In 2003 the Indian environmental researcher Narayana Peesapaty spotted an alarming trend: Groundwater levels in the region of Hyderabad were falling precipitously. He examined rainfall records but found nothing to explain the drop. Looking deeper, he discovered that the culprit was a change in agricultural practices. Many area farmers had abandoned millet—a traditional crop increasingly regarded as “the poor man’s food”—in favor of rice, a thirsty crop that requires 60 times as much water to grow. And because they had access to heavily subsidized electricity, the farmers were continuously pumping water into their fields.
Peesapaty tried to influence agricultural policies by documenting the problem in government reports, to no avail. So, he looked instead for ways to boost demand for millet. He hit on the idea of turning it into “edible cutlery”—a solution that could attack not just the groundwater deficit but also the scourge of plastic waste. Peesapaty quit his job to pursue the project. A decade later, after a video he posted about the cutlery went viral, orders began pouring in. Two crowdfunding campaigns exceeded their targets by more than twelvefold, and the first corporate orders shipped in 2016.
This great story demonstrates that there are two potential routes to a solution of a problem. The first is conformity, Peesapaty tried to influence government policy. The second, originality, in the case edible cutlery.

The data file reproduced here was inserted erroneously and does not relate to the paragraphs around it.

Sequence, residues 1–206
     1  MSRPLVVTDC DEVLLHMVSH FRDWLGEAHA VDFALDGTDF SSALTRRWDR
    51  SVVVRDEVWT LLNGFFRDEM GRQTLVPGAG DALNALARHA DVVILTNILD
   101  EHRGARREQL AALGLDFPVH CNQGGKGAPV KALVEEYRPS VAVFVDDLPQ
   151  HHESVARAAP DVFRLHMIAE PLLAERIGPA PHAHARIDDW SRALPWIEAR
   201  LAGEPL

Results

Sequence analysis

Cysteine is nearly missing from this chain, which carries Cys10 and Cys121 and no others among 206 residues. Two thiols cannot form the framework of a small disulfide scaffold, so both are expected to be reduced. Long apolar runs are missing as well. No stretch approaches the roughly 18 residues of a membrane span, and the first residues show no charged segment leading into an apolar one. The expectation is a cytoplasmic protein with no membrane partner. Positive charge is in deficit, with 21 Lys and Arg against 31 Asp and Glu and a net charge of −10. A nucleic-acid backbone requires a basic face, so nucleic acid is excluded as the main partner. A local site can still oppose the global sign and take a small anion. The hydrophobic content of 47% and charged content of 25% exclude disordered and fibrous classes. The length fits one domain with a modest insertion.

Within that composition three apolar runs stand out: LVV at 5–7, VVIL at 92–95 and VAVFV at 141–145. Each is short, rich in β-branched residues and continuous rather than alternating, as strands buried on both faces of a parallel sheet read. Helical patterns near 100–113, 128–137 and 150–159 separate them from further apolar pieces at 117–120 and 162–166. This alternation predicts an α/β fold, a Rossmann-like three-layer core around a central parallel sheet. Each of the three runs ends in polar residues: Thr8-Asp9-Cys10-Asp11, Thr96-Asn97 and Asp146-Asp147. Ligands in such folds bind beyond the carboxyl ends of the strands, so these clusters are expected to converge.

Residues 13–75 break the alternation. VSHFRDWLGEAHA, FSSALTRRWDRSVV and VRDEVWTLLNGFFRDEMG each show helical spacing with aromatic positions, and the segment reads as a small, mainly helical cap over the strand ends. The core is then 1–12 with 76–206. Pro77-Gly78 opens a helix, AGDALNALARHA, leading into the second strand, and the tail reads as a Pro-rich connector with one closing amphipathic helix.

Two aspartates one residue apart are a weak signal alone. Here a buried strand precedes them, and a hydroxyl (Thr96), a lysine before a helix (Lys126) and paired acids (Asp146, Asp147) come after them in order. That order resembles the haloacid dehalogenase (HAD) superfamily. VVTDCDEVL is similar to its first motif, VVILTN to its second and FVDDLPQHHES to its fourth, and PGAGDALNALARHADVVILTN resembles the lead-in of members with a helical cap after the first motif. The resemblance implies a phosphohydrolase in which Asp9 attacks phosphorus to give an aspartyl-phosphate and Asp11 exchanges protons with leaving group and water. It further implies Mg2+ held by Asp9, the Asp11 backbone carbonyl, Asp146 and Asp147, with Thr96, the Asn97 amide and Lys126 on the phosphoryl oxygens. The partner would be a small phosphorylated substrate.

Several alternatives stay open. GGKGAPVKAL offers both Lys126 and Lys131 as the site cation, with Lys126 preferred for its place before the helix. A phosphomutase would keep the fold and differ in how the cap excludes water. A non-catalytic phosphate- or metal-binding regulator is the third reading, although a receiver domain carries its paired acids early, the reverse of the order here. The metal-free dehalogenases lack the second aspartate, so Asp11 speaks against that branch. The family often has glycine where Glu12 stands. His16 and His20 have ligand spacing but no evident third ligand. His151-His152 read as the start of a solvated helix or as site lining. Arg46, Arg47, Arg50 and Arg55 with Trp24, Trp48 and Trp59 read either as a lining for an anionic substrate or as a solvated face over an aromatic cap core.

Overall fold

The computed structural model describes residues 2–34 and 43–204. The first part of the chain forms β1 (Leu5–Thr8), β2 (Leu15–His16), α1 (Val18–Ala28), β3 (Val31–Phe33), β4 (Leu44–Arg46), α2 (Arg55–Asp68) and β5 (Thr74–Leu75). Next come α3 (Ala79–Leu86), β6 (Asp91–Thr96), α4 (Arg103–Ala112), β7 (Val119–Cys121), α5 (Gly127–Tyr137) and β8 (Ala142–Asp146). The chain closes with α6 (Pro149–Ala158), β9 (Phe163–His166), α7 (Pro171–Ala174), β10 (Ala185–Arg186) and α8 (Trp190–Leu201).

Unconventional thinkers have unprecedented access to knowledge, talents, capital and potential customers. Yet breakthrough products or services are hard to find, Gary Hamel, a recognized business thinker, notes that corporations are awash with ideas that full into one of two buckets. Incremental no brainers or flaky no hopers. I wonder into which bucker he would put Elon Musk’s SpaceX, Branson’s Virgin Galactic or Jeff Bezzo’s Blue Origin.
Why should this be? The authors in talking with both entrepreneurs identified three related criticisms of existing innovation frameworks. The often-used stage-gate process is too linear to facilitate radical innovation. It works fine for incremental innovation but fails when it comes to breakthrough innovation that moves forwards, then goes backwards and then forwards again during the development process.
Innovation frameworks are incomplete. They do not allow for the way people act when developing new ideas. They focus on lean methodology (action and fast iteration) whereas Adam Grant of Wharton talks about strategic procrastination – time for deep reflection.
Finally traditional frameworks are misleading. They gloss over pitfalls and biases that limit creative thinking.
Even when leaders recognize this pitfalls and know they must break the paradigm during the creation stage, they fail in execution. Take the Sony Reader, never heard of it you say, I am not surprised. Technically brilliant but Sony did not enlist the book publishing industry as an ally, Amazon did not make this mistake when it launched a technically inferior but incredibly successful Kindle just over a year later. Sony engineered an elegant device; Amazon offered a solution.